The Atlantic Daily: Nobody Enjoys Recounts. But Here’s Why They’re Important.

Plus un-adoptions, the kilogram gets redefined, what to read and listen to while traveling, and more

A worker holds up ballots before a ballot recount in Florida on November 12, 2018. (Carlo Allegri / Reuters)

What We’re Following

Delayed Gratification: Confused about the recounts ongoing for the Senate and agricultural-commissioner races in Florida? First, know that recounts, however painful, are a legitimate part of the electoral process, and it’s rare that recounts reverse the initial result—though such reversals have happened. Speaking of things that are ongoing: Democratic candidates have been flipping some seats in red districts across the U.S. all this week.

Backlash Backlash: Representative-elect Alexandria Ocasio-Cortez’s “very nice” outfit suddenly became a controversy this week. The controversy itself was tedious and predictable, but in this incident, there was a lesson about newcomers to old halls of power. Elsewhere in D.C., protestors arrived at the doorstep of Tucker Carlson’s home last week—“corrosive methods” that crossed a line, Peter Beinart argues.

What’s in a Kilo?: A huge change is coming for the kilogram. Scientists from dozens of countries around the world agreed on a new method for defining this humble unit of measurement, updating it for the 21st century. Here’s the history of the bitter class struggle behind how the kilogram got its weight.

Read, Watch, and Listen: The phenomenon of Elena Ferrante’s Neapolitan novels, which trace a tumultuous female friendship through the decades, comes to HBO in a strikingly faithful adaptation. How is Mariah Carey’s first new album in four years? And if you’ll be on the road this coming week, here are some fitting book recommendations to accompany you during your travels.


Midterms and the future of climate change
“It’s entirely possible that, for Americans who care about climate change, it was the best Tuesday since November 8, 2016,” writes Robinson Meyer on the midterm elections last week. So how far is the U.S. now from passing sweeping climate legislation? (Illustration by The Atlantic)

Evening Read

Somewhere between 1 and 5 percent of adoptions in the U.S. end up being legally dissolved, and some children are put up for adoption a second time:

According to a now-deleted public post on Second Chance Adoptions’ Facebook page, the girl, who the agency calls “Reese” to protect her privacy, is 10 years old, and she has been a member of her family since she was born—first in foster care, then legally adopted just before her first birthday. She loves to laugh, her adopted mom says, and she smiles all the time. She loves pink. She has no special needs. But she needs a new home.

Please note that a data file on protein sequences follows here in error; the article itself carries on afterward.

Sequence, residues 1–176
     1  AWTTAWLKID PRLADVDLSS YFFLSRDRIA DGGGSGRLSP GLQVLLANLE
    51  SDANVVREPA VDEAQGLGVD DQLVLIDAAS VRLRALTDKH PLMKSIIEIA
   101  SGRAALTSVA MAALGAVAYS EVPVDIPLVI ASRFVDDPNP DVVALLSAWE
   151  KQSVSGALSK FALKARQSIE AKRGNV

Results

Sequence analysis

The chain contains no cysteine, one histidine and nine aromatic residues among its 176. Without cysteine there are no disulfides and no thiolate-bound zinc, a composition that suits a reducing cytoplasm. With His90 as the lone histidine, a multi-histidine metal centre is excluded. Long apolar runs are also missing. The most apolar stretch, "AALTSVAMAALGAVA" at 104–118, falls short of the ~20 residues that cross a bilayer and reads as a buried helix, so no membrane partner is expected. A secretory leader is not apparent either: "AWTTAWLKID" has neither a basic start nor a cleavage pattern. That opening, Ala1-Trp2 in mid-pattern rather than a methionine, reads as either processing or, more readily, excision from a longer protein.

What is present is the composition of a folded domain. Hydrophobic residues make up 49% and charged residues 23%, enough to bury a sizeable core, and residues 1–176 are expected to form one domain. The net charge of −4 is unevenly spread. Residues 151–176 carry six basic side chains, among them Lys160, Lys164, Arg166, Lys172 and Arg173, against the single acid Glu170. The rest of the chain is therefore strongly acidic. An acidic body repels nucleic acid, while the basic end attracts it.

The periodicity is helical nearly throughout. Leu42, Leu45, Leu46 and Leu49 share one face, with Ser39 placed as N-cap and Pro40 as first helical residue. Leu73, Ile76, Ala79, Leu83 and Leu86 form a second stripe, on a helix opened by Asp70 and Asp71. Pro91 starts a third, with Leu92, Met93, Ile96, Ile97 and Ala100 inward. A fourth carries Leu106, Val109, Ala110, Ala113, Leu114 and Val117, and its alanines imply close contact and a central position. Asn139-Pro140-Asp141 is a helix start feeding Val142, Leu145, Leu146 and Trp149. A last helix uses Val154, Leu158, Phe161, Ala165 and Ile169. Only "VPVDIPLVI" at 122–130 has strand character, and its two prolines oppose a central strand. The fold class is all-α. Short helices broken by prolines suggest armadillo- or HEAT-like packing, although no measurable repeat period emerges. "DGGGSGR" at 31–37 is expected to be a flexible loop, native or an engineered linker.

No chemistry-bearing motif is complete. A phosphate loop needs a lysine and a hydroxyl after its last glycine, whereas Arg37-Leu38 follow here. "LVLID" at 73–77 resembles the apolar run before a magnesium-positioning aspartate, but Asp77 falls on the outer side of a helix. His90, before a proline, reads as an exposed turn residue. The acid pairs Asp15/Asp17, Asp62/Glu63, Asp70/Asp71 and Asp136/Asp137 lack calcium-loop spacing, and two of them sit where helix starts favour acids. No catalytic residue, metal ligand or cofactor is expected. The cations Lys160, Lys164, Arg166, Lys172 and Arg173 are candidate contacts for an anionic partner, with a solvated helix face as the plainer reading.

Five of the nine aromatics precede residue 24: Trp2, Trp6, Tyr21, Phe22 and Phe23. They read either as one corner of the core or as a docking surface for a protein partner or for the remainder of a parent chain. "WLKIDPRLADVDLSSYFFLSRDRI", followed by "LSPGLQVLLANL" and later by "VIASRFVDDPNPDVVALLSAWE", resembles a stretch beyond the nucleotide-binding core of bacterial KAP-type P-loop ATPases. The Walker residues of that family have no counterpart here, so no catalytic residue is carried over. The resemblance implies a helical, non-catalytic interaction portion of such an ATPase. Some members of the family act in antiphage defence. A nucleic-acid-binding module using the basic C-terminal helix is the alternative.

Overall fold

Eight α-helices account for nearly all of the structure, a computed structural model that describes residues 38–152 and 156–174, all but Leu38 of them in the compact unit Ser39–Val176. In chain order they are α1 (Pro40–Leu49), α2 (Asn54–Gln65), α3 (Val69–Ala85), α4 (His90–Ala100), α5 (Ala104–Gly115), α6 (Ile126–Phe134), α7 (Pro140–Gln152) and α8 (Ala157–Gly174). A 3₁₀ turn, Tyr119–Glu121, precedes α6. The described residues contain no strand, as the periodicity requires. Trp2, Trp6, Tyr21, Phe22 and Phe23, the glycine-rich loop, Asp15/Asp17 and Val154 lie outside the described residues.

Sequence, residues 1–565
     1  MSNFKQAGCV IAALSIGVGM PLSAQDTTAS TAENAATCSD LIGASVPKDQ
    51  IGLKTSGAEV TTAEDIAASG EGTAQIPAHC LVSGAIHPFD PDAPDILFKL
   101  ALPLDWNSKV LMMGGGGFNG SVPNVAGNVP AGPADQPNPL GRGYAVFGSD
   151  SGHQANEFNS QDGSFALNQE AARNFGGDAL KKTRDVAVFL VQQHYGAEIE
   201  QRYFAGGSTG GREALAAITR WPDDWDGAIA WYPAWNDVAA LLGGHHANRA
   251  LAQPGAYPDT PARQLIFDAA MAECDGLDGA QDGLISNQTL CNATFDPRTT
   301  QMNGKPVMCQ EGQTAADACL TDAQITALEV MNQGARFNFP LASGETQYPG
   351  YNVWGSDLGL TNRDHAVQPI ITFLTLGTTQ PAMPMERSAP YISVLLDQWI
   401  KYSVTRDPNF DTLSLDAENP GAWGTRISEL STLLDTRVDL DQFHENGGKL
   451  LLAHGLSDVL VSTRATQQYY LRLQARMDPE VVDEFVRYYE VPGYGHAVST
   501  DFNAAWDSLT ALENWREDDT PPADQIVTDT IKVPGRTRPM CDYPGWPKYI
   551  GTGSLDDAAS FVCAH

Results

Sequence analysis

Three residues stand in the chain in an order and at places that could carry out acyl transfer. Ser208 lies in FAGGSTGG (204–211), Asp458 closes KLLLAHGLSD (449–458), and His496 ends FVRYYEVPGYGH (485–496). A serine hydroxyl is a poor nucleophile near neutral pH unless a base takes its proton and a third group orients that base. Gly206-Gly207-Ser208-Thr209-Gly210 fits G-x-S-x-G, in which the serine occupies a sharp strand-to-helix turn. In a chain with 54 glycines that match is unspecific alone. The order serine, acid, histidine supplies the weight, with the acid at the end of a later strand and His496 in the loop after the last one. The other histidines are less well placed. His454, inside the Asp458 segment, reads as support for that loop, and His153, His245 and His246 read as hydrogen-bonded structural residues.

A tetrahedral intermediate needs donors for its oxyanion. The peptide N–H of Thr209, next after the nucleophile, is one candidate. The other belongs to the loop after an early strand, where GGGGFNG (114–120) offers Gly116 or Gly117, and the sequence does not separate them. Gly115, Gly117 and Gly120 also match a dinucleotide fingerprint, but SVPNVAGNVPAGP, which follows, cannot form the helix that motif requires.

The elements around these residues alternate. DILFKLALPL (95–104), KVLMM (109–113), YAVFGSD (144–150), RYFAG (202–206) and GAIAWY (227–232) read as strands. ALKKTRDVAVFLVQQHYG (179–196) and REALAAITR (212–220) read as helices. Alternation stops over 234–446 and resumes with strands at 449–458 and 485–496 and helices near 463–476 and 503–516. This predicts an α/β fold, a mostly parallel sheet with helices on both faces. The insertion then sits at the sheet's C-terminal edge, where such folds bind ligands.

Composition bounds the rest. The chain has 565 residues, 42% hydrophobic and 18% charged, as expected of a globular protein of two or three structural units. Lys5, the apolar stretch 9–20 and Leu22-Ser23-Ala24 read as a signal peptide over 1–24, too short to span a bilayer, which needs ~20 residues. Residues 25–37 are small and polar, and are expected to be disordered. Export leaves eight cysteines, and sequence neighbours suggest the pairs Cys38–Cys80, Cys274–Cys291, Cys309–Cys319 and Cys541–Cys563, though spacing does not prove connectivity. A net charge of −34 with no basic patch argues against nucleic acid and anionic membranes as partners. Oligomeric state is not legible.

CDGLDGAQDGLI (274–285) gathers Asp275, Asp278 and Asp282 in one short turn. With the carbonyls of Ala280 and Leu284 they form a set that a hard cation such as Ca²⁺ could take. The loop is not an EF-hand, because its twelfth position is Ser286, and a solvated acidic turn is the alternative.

In other posts with more pictures, the reader learns that Reese is the youngest of four daughters; the other three are the biological children of her parents. She gets straight A’s. She loves her parents and her sisters. She grumbles only when her siblings ask her to clean her room. She rarely lies and loves to wear skirts and dresses and listen to music. But according to the information provided by her parents, “This family has drastically changed their lifestyle and have left their faith and extended family for a quiet, secluded life.”

Read on.

What Do You Know … About Culture?

1. Timely Comics, the pulp publishing arm of the publisher Martin Goodman, was where this industry legend got his start in 1939.

Scroll down for the answer, or find it here.

2. Portrait of an Artist (Pool With Two Figures) by this artist sold for a record $90 million at auction on Thursday.

Scroll down for the answer, or find it here.

3. On Saturday Night Live last weekend, Pete Davidson reconciled with this Texas Republican congressman-elect, whose appearance he insulted in a riff on SNL a week earlier.

Scroll down for the answer, or find it here.

Poem of the Week

Here is a portion of “Bullet” by Darcie Dennigan, from our June 2007 issue:

It was like a really heavy seed, so I thought, Plant it.
No soil, so I swallowed it.

How to make it not the thrown stone, not the grape of wrath.
Make it not the animal’s eye gleaming at the attack.

Read the rest.

Looking for our daily mini crossword? Try your hand at it here—the puzzle gets more difficult through the week.

We’re always looking for ways to improve The Atlantic Daily. Concerns, comments, questions, typos? Email Shan Wang at

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